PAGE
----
Sonny was one of the big innovators of the saxophone trio format -- saxophone, bass, drums -- and this was his first recording with such a lineup. Getting rid of the piano has several implications. The first is that the harmonies become a lot less obvious to the listener without the piano banging out the chords every few seconds. The second is that there's a lot more pressure on the musicians --- particularly the saxophonist, but also the bassist -- to generate interest without using piano solos as a crutch. There's a lot more space to be filled in, and in the hands of lesser musicians this space would turn into gaping holes.

Fortunately, Sonny Rollins is one of jazz's greatest improvisers. The fact that he doesn't have to share solo space with a pianist on this recordings means he can let loose some brilliant, unfettered and uninterrupted improvisations. There's a LOT of Sonny's playing on this album. Sonny's notorious for the humor/wit in his playing and there's a ton of that here.

Sonny's companions on this date for Contemporary Records were bassist Ray Brown and drummer Shelly Manne. Manne was one of the premier drummers on the west coast and appeared on a lot of Contemporary sessions. Manne wasn't a "power drummer" like most of the drummers that appeared on Sonny's east coast recordings (Philly Joe Jones, Art Blakey, Elvin Jones, and Max Roach). That means that he's content to be an accompanist rather than an almost equal partner a la Max Roach.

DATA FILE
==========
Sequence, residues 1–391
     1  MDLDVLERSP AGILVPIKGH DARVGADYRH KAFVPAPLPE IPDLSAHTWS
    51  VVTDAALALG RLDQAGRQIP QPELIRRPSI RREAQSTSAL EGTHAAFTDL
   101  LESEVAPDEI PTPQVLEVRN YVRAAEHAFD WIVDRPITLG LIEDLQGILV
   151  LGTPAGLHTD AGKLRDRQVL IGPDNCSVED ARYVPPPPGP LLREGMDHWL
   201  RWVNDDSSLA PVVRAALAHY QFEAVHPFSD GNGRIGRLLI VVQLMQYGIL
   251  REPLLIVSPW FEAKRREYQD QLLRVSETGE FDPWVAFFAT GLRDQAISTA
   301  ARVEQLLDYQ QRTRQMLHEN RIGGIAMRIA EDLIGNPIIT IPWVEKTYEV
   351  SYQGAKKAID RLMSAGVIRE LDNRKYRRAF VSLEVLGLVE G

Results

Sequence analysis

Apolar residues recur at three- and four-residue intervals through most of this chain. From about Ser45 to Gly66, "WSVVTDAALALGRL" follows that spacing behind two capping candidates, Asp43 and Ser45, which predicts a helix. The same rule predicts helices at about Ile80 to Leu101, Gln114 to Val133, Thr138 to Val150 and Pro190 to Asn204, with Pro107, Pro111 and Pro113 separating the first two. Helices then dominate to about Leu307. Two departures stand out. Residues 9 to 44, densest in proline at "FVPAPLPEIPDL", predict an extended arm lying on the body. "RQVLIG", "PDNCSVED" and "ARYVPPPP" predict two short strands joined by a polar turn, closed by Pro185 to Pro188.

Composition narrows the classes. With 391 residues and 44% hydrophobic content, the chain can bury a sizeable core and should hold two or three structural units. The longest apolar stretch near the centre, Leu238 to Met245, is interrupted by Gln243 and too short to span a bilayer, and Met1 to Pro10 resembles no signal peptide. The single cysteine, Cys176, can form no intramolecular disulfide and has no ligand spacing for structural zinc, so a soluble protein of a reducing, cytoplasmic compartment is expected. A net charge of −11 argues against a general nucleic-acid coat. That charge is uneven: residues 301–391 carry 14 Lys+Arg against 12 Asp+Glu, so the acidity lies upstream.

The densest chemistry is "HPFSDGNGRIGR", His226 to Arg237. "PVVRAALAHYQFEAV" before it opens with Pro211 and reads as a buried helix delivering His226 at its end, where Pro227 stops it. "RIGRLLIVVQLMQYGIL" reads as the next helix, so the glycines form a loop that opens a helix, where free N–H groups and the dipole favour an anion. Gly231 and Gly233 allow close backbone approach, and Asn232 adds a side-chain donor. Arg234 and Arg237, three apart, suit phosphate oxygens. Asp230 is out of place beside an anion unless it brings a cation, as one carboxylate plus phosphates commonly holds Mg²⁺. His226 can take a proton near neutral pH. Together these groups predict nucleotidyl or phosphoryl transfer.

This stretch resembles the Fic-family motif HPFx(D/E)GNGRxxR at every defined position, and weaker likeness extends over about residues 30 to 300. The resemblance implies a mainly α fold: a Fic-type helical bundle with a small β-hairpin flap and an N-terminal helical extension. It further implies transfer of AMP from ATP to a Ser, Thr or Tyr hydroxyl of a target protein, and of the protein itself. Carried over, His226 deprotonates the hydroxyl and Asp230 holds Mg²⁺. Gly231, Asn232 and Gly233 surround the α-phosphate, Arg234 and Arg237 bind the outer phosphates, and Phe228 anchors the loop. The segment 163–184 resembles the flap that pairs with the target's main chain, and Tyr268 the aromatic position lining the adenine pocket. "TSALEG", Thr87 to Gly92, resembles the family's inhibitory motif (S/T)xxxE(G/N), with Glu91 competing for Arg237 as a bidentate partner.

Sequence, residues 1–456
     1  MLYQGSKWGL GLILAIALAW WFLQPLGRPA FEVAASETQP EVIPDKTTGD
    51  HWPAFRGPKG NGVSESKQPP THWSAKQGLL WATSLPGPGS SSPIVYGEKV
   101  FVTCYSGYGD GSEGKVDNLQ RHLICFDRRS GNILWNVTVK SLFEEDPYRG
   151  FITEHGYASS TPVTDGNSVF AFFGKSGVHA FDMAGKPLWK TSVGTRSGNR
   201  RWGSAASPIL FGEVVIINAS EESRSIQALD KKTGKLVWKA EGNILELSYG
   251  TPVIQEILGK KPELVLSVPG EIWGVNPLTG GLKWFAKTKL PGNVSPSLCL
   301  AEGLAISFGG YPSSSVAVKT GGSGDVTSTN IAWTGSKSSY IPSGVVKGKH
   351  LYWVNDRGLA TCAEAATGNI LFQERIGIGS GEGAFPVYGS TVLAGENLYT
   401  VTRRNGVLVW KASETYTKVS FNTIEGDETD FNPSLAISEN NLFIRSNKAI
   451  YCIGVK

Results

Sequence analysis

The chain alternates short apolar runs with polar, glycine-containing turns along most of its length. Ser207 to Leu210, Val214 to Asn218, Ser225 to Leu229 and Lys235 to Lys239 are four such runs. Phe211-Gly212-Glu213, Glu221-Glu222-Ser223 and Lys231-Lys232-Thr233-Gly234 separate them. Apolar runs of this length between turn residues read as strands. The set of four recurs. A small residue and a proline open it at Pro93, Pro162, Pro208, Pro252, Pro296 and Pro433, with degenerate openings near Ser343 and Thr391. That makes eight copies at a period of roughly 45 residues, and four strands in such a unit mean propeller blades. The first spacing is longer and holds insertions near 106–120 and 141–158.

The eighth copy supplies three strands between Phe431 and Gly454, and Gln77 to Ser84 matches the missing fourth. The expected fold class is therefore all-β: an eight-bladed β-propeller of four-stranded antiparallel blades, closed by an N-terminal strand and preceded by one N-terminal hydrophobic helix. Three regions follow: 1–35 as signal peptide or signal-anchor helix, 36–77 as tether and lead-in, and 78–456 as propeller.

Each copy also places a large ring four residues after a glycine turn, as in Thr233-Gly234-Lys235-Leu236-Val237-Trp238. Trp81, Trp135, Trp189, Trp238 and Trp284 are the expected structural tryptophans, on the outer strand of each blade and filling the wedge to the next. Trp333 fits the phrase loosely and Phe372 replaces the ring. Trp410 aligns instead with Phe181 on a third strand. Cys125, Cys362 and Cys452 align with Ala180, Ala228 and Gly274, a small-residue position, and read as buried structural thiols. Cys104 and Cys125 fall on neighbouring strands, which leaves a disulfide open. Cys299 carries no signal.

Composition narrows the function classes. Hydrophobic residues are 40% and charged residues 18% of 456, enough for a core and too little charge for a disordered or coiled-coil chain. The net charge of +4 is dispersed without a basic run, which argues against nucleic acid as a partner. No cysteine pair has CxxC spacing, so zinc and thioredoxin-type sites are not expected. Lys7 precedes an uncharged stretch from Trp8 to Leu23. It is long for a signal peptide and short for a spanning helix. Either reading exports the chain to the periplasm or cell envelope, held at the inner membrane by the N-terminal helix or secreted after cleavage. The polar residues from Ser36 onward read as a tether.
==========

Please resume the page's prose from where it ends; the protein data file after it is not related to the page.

The compositions offer a nice amount of variety. "I'm an Old Cowhand" is the kind of semi-cheesy tune that Sonny specializes at transforming and gives the album a great start. "Come, Gone" is just straight-up fast bebop. "Solitude" and "There Is No Greater Love" are intense ballad performances. "Wagon Wheels" is a medium-tempo jam, and "Way Out West" closes the album on a jaunty note. The overall mood is more mellow and introverted than Saxophone Colossus; the album was recorded in the middle of the night, so this is not surprising.